Killing Yourself To Live
It really doesn’t take much to rescue one’s self from melancholic exile.
It’s a self-imposed exile, really. I’ve withdrawn, I’ll hand it to you. The reasons are complicated, and personal, and the kind of thing I’m not going to give away for free. They’re well-intentioned. Chopping wood, carrying water — that sorta’ thing.
Yesterday wasn’t terribly fun, but it did pick up. I got a haircut from my rocknroll stylist Andrew at New York Hair. I walk in, bed-headed from an AC-fueled afternoon power nap (all that laundry was exhausting), and he greets me at the front door. Led Zeppelin is on the stereo. The place is hoppin’. Andrew is pushing fifty. He has hair like mine, but grayer and thinner. His ears are pierced. He wears heavy jewelry. He speaks with a thick Queens accent. I love him to death.
Even if I want to, I can’t be melancholy (noun: Sadness or depression of the spirits; gloom). Andrew’s schooling me on Procal Harum, Taj Majal, Derek & The Dominos. He’s telling me stories about meeting Ringo (“Ringo Starr?” I ask. “No,” Andrew says, “Ringo Schwartz.”), and hangin’ out with Mick. He’s done acid at Altamont, shrooms at The Garden. It’s a first-person tour through “Hammer of the Gods” in the eyes of an Upper West Side mensch. What’s not to love?
I walk out well shorn and energized. I decide to check out the shoe store, see what’s going on in men’s shoes these days. Truth be told, I love shoes. And jackets. Given my druthers, and unlimited resources, I’d have lots of both. I’m thinking maybe I’ll find a nice, summery suede number. No dice. So I step into Barnes & Noble. I’m in the market for the new Klosterman book, so what the heck.
There’s a stunning blonde with killer cheekbones at the magazine rack. I circle a minute, peering sideways through my dark sunglasses while trying not to run into anyone. A handsome, dark-haired, European looking guy steps up to her and she smiles. I regain my task orientation. I pick up Klosterman’s book, “Killing Yourself To Live” — the last copy on the shelf — and browse a bit more. I pick up Douglas Coupland’s “Generation X.” I haven’t read it in fifteen years. I figure maybe it’s time to revisit. The woman at the checkout is, bafflingly, immune to my charms. She sends me on my way with barely any eye contact.
Back home on the couch, I tear into Klosterman’s book. I know his writing from Spin and Esquire, but mostly I know him from a certain ex. She worshipped him, which created some resistence in me. So it’s with some surprise that I find myself feeling like I’ve found a long-lost brother. He writes like me, only better (more pop culture references, and way funnier). He thinks like me (only more absurd and way funnier). He runs, for Christ’s sake, for the same reasons I do (“Running keeps me alive. Physically, I almost never enjoy the process of exercise, but I feel mentally tougher when I finish. More importantly, running lets me eat anything I want, and it allows me to drink every day.”). And he’s in love with three women at once (I’m not, but I can empathize). He quotes Jeff Tweedy on the regular to boot.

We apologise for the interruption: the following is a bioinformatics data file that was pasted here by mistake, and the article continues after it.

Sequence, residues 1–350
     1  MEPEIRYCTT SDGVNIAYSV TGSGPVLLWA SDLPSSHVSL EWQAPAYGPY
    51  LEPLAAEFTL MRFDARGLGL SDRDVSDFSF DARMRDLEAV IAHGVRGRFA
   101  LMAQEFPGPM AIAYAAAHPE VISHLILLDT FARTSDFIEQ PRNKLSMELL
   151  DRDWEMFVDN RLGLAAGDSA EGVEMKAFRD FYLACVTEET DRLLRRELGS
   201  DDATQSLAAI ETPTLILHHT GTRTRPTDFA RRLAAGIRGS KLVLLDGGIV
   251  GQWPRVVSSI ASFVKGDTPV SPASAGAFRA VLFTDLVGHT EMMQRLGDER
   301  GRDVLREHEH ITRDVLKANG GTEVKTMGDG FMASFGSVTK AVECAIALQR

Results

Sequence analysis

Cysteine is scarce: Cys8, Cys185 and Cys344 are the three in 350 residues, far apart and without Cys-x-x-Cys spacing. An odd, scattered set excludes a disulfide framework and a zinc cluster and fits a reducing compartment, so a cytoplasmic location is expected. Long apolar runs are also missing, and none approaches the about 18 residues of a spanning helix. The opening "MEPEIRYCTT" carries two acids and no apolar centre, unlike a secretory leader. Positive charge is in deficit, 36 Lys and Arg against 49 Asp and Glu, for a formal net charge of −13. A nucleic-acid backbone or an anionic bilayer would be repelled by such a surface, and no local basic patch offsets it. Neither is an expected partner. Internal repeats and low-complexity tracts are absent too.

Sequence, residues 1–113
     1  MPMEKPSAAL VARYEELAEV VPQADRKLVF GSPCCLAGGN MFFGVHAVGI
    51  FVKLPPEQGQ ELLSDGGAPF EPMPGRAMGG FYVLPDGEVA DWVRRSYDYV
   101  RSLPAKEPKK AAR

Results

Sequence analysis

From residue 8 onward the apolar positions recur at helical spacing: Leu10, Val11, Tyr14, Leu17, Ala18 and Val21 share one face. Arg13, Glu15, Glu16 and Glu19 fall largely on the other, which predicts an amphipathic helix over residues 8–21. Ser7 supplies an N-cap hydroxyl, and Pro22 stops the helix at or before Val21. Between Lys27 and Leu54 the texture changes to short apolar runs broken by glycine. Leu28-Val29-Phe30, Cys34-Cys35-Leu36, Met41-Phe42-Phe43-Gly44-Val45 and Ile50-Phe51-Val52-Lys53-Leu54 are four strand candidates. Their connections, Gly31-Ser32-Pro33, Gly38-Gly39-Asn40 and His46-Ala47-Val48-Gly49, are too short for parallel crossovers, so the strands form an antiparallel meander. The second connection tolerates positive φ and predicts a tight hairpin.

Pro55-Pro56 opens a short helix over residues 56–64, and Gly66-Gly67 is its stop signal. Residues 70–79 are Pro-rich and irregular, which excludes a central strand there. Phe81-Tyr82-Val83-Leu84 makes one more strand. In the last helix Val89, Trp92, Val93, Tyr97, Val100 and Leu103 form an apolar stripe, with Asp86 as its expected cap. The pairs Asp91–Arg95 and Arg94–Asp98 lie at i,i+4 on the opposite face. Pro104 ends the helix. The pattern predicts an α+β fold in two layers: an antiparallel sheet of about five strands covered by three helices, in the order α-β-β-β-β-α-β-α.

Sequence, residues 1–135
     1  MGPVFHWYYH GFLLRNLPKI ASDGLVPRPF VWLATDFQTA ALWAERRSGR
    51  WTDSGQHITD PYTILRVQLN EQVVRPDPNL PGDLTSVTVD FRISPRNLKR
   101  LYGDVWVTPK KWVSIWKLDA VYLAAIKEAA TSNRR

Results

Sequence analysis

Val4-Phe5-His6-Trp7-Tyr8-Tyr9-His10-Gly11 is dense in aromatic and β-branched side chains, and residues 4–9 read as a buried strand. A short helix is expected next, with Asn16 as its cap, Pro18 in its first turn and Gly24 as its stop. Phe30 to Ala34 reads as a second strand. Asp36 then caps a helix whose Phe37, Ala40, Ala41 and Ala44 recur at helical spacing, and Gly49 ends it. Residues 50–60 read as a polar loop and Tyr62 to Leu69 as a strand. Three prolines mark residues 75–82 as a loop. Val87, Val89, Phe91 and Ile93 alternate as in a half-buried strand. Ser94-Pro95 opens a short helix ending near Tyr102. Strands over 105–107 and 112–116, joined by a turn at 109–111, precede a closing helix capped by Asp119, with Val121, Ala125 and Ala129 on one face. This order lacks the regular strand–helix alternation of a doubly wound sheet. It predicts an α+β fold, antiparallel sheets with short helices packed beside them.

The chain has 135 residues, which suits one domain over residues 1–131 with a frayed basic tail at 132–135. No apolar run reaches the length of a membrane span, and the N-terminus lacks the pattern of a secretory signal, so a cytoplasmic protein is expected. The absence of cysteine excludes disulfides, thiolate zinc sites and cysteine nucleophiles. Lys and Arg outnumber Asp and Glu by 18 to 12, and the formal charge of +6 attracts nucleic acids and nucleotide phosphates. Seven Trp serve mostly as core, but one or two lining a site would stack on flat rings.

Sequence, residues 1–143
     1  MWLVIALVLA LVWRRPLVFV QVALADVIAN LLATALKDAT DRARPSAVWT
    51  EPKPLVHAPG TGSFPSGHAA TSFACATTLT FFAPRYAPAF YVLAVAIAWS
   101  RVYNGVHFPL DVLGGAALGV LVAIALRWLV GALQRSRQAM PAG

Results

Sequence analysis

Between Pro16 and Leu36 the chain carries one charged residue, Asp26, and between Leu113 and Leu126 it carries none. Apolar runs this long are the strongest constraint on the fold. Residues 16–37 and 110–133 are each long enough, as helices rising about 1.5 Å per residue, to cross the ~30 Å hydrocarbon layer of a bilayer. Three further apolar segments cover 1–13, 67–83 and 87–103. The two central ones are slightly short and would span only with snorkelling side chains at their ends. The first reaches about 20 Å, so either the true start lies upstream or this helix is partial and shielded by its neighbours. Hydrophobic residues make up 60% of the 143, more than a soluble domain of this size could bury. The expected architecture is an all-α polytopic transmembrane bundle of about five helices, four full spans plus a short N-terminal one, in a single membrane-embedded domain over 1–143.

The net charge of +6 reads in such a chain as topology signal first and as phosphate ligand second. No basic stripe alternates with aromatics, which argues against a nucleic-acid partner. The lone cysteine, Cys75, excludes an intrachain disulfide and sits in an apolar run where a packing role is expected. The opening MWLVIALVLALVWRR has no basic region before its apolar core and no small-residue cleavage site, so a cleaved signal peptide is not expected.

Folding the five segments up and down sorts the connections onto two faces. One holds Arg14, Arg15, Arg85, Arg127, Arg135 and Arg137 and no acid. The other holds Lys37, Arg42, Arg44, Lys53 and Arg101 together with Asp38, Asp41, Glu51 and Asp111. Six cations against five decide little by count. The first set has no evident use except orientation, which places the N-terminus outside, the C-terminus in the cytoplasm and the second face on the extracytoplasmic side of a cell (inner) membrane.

Chuck Klosterman, where have you been all my life?
The book is a Kerouacian tale of love and death in which our hero, Klosterman, loads himself and 600 compact discs into a rented Ford Taurus and visit places where rock icons have died: Mud Island, Memphis (Jeff Buckley), Clear Lake, Iowa (Buddy Holly), and Minneapolis, Minnesota (Bob Stinson). But Klosterman rambles eloquently, and hilariously, on everything that pops into his dyslexic mind and heart. He may as well be blogging. Only he’s not. He’s taking a road trip, and writing a novel, and getting paid handsomely for it. Good for him. I love it.
Before I know it, I’m in a pretty good mood. And I have an idea. Something I’ve read puts the phrase “caught the sadness” in my head. I start thinking of melancholy like it’s a virus, something you get from kissing someone, or sharing a straw. And I think, “I’m gonna’ go upstairs and write a song.”
I wrestle with my minimal outlet real estate, trading my modem and desk lamp for my drum machine and amp. I seek out a beat, something simple but propellant. I let my hands slide along the guitar until I find something worth playing. It’s nothing. It’s two barre chords: E and D. But they sound amazing. So I record ’em over and over for three minutes. Then I arpeggiate an open E over both. It takes the song somewhere else completely. Then I put down two big, fat bass hooks. Now I’m cookin’. Now I’m excited. I sing a few lines of “yeahs” and “ooohs” in harmony. I’m onto something. A song is coming together. I feel alive. I feel awake. I feel happy.
I pace on the deck listening to my infant song. It’s strident. It’s defiant. I wants to drive fast, and live hard. It wants to survive. And so It finds it’s own words.
I’ve been down and I’ve been sad
I’ve been kicked around and left for dead
I’ve been dumb and I’ve lost my head
But I brought myself right back again
Before I know it, it’s 9:30, and I haven’t eaten dinner. I’ve recorded twenty-four tracks. “Falling Backwards” is not rocket science, but it does rock. I can’t imagine a scenario in which I will release it on an album (it goes on the posthumous outtakes release with “Big Rock Candy Mountain,” “I Bleed,” “Difference,” and all the others too something to release). And I can’t imagine a scenario in which this song didn’t come to be. I feel like I filled up on all this terrible bile, then let it pour out into something positive. Neither could have existed with out the other, and so it’s all worth it. It’s all ok. It just is.